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|Does a web-based exercise programming system improve home exercise adherence for people with musculoskeletal conditions? Randomized controlled trial|
|Bennell KL, Marshall CJ, Dobson F, Kasza J, Lonsdale C, Hinman RS|
|American Journal of Physical Medicine & Rehabilitation 2019 Apr 22:Epub ahead of print|
|8/10 [Eligibility criteria: Yes; Random allocation: Yes; Concealed allocation: Yes; Baseline comparability: No; Blind subjects: Yes; Blind therapists: No; Blind assessors: Yes; Adequate follow-up: Yes; Intention-to-treat analysis: Yes; Between-group comparisons: Yes; Point estimates and variability: Yes. Note: Eligibility criteria item does not contribute to total score] *This score has been confirmed*|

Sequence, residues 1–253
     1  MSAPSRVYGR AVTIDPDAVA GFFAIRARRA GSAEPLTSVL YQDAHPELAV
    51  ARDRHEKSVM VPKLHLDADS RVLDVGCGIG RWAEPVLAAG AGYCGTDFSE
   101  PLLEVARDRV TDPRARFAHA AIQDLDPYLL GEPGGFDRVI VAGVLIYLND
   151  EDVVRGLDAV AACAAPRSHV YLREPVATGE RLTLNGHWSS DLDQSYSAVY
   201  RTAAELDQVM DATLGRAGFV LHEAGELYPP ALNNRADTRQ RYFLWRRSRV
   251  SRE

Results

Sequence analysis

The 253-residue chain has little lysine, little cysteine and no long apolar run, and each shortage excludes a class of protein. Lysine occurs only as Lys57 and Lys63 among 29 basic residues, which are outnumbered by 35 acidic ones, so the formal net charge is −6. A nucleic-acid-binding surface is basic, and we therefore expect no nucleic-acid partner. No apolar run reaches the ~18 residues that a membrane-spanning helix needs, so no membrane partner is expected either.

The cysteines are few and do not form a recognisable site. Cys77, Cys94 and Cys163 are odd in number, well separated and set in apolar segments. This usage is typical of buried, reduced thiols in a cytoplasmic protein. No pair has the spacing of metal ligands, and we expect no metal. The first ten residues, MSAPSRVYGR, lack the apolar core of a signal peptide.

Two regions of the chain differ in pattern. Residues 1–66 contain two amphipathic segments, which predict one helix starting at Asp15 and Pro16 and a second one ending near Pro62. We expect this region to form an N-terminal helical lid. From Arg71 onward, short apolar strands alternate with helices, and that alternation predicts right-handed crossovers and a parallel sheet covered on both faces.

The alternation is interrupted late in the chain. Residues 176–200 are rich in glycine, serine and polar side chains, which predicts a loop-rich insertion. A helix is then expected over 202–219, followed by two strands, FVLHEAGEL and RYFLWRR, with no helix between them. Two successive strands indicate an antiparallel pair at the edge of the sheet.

OBJECTIVE: To evaluate whether a web-based exercise programming system improves adherence to a home exercise program for people with musculoskeletal conditions. DESIGN: Eligible patients with a musculoskeletal condition presenting to a physical therapist in private practice were randomised to: (1) control (home exercise prescribed by therapist's usual methods), or (2) intervention (home exercise prescribed using a web-based exercise programming system). The primary outcome was self-rated exercise adherence measured at week 3 via 11-point numeric rating scales (NRS). Secondary outcomes were satisfaction with exercise delivery and confidence in ability to undertake prescribed exercise. Process measures were also included. RESULTS: We enrolled 305 participants, with loss-to-follow-up of 14.5% (22/152) and 13.7% (21/153) in intervention and control groups, respectively. Compared with controls, the intervention group reported higher exercise adherence (mean difference NRS units (95% confidence intervals): adherence overall -1.0 (-1.6 to -0.3) and regarding number of exercises in session -0.7 (-1.3 to -0.1), number of repetitions -0.8 (-1.4 to -0.2) and number of sessions -1.0 (-1.6 to -0.3)). The intervention group showed greater confidence to exercise than control, with no difference in satisfaction. CONCLUSIONS: A web-based exercise programming system improved home exercise adherence and confidence in ability to undertake exercise, although the clinical relevance of the results needs to be established.